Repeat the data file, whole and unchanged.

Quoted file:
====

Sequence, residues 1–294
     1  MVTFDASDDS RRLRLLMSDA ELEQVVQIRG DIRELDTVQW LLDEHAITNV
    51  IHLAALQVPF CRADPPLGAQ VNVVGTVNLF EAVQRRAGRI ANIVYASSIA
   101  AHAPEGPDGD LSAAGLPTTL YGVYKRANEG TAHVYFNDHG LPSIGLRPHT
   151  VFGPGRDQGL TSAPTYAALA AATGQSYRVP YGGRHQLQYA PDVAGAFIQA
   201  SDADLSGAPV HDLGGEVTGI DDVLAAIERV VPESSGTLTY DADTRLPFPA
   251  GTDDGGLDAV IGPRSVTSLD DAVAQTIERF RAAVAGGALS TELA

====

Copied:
Sequence, residues 1–294
     1  MVTFDASDDS RRLRLLMSDA ELEQVVQIRG DIRELDTVQW LLDEHAITNV
    51  IHLAALQVPF CRADPPLGAQ VNVVGTVNLF EAVQRRAGRI ANIVYASSIA
   101  AHAPEGPDGD LSAAGLPTTL YGVYKRANEG TAHVYFNDHG LPSIGLRPHT
   151  VFGPGRDQGL TSAPTYAALA AATGQSYRVP YGGRHQLQYA PDVAGAFIQA
   201  SDADLSGAPV HDLGGEVTGI DDVLAAIERV VPESSGTLTY DADTRLPFPA
   251  GTDDGGLDAV IGPRSVTSLD DAVAQTIERF RAAVAGGALS TELA